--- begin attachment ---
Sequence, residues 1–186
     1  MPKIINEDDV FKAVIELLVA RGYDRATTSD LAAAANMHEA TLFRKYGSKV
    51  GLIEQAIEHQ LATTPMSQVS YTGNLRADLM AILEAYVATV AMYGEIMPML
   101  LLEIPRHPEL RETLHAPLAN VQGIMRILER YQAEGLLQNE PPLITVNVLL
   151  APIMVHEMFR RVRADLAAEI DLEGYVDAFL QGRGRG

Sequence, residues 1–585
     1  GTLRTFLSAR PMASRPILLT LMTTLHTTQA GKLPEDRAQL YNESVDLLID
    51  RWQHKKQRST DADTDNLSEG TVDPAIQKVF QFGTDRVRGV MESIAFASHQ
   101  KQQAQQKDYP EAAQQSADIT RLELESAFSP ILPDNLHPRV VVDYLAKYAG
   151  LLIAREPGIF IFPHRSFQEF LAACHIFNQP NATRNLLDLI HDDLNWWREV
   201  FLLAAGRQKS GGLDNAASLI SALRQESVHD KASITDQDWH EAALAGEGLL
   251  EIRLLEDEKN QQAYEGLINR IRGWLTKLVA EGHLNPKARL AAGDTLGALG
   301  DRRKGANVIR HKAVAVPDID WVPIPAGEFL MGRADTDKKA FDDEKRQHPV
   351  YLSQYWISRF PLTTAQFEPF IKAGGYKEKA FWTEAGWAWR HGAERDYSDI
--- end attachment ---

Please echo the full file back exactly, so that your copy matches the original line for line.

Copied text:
Sequence, residues 1–186
     1  MPKIINEDDV FKAVIELLVA RGYDRATTSD LAAAANMHEA TLFRKYGSKV
    51  GLIEQAIEHQ LATTPMSQVS YTGNLRADLM AILEAYVATV AMYGEIMPML
   101  LLEIPRHPEL RETLHAPLAN VQGIMRILER YQAEGLLQNE PPLITVNVLL
   151  APIMVHEMFR RVRADLAAEI DLEGYVDAFL QGRGRG

Sequence, residues 1–585
     1  GTLRTFLSAR PMASRPILLT LMTTLHTTQA GKLPEDRAQL YNESVDLLID
    51  RWQHKKQRST DADTDNLSEG TVDPAIQKVF QFGTDRVRGV MESIAFASHQ
   101  KQQAQQKDYP EAAQQSADIT RLELESAFSP ILPDNLHPRV VVDYLAKYAG
   151  LLIAREPGIF IFPHRSFQEF LAACHIFNQP NATRNLLDLI HDDLNWWREV
   201  FLLAAGRQKS GGLDNAASLI SALRQESVHD KASITDQDWH EAALAGEGLL
   251  EIRLLEDEKN QQAYEGLINR IRGWLTKLVA EGHLNPKARL AAGDTLGALG
   301  DRRKGANVIR HKAVAVPDID WVPIPAGEFL MGRADTDKKA FDDEKRQHPV
   351  YLSQYWISRF PLTTAQFEPF IKAGGYKEKA FWTEAGWAWR HGAERDYSDI